Module 03: 1917 — Did the War Cause a Revolution?

Evidence 30: Miliukov's Note on War Aims, April 18/May 1, 1917

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As the Soviet called for a swift end to armed conflict, the leaders of the Provisional Government remained committed to the war. The note below from Foreign Minister Pavel Miliukov to the Allied Powers directly contradicted the Soviet's "defensist" position. Miliukov's assertion that Russia could "carry the world war to a decisive victory," thereby gaining control over Constantinople and the Dardanelles, provoked a crisis and reorganization of the Provisional Government.


May 1/April 18, 1917

On May 1, the Minister of Foreign Affairs instructed the Russian representatives with the Allied Powers to transmit the following note to the Governments to which they are accredited:

"On April 9 of the present year, the Provisional Government issued a declaration to the citizens, containing the views of the Government of free Russia regarding the aims of the present war. The Minister of Foreign Affairs has instructed me to communicate to you the contents of the document referred to, and to make at the same time the following comments:

"Our enemies have been striving of late to saw discord among the Allies, disseminating absurd reports alleging that Russia is ready to conclude a separate peace with the Central Powers. The text of the attached document will most effectively refute such falsehoods. You will note from the same that the general principles enunciated by the Provisional Government are in entire agreement with those lofty ideas which have been constantly expressed, at the very last moment, by many eminent statesmen in the Allied States, and which were given especially vivid expression in the declaration of the president of our new Ally, the great republic across the Atlantic.

"The Government under the old régime was, of course, incapable of grasping and sharing these ideas of the liberating character of the war, the establishment of a firm basis for the amicable existence of the nations, of self-determination for oppressed peoples, and so forth. Emancipated Russia, however, can now speak in a language that will be comprehensible to the leading democracies of our own time, and she now hastens to add her voice to those of her Allies. Imbued with this new spirit of a free democracy, the declaration of the Provisional Government cannot, of course, afford the least excuse for the assumption that the revolution has entailed any slack­ening on the part of Russia in the common struggle of the Allies. Quite to the contrary, the aspiration of the entire nation to carry the world war to a decisive victory has grown more powerful, thanks to our understanding of our common responsibility, shared by each and every one. This striving has become still more active, since it is concentrated upon a task which touches all and is urgent, – the task of driving out the enemy who has invaded our country. It is obvious, as stated in the communicated document, that the Provisional Government, while safeguarding the rights of our own country, will, in every way, observe the obligations assumed toward our Allies.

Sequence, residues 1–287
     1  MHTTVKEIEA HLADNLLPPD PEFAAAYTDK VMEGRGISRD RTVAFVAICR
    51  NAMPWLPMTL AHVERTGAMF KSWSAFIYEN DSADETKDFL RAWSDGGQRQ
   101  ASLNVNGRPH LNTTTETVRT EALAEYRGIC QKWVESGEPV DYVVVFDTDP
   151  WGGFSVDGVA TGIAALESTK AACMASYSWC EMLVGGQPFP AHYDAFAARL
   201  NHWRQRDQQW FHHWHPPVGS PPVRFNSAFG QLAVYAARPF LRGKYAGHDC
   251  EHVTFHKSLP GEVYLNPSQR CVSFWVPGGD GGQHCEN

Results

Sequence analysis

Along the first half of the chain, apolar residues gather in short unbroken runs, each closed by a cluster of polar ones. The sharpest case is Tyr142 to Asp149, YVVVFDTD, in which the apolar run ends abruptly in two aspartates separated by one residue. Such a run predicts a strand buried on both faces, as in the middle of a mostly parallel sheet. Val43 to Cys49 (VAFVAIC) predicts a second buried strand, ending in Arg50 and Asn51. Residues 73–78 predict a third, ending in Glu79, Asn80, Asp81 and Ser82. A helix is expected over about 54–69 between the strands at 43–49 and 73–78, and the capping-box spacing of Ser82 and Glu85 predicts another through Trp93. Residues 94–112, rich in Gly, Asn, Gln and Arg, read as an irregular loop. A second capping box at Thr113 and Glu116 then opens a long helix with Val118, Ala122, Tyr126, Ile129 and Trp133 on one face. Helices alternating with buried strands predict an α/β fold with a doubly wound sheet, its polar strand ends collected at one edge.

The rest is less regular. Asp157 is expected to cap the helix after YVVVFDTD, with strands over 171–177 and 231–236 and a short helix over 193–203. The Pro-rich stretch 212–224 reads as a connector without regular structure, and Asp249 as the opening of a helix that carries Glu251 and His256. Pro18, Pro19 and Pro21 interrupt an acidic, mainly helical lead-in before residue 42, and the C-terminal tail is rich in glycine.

"Continuing to cherish the firm conviction of the victorious issue of the present war, in full accord with our Allies, the Provisional Government feels also absolutely certain that the problems which have been raised by this war will be solved in a spirit that will afford a firm basis for lasting peace, and that the leading democracies, inspired by identical desires, will find the means to obtain those guarantees and sanctions which are indispensable for the prevention of sanguinary conflicts in the future,"


[Excerpt from Miliukov's Speech at the Congress of the Cadet Party, May 22/May 9, 1917]

At the present time I am not a member of the Provisional Government, but a free citizen and can, therefore, permit myself the liberty, just as N. V. Nekrasov has done, to talk straight, and at the same time meet his wishes.

I admit most frankly, and stand firmly by it, that the main thread of my aims was to get the Straits for Russia. I fought, unfortunately in vain; against those who favored the new formula [no annexation, and no indemnity, and the right of self-determination], and that Russia should free the Allies from their olbigations to help her secure sovereign rights over the Straits. I would say, and say it proudly, and regard it as a distinct service to the country, that until the last moment that I was in office, I did nothing which gave the Allies the right to say that Russia has renounced the Straits.

Rech', May 3, 1917, and May 24, 1917.

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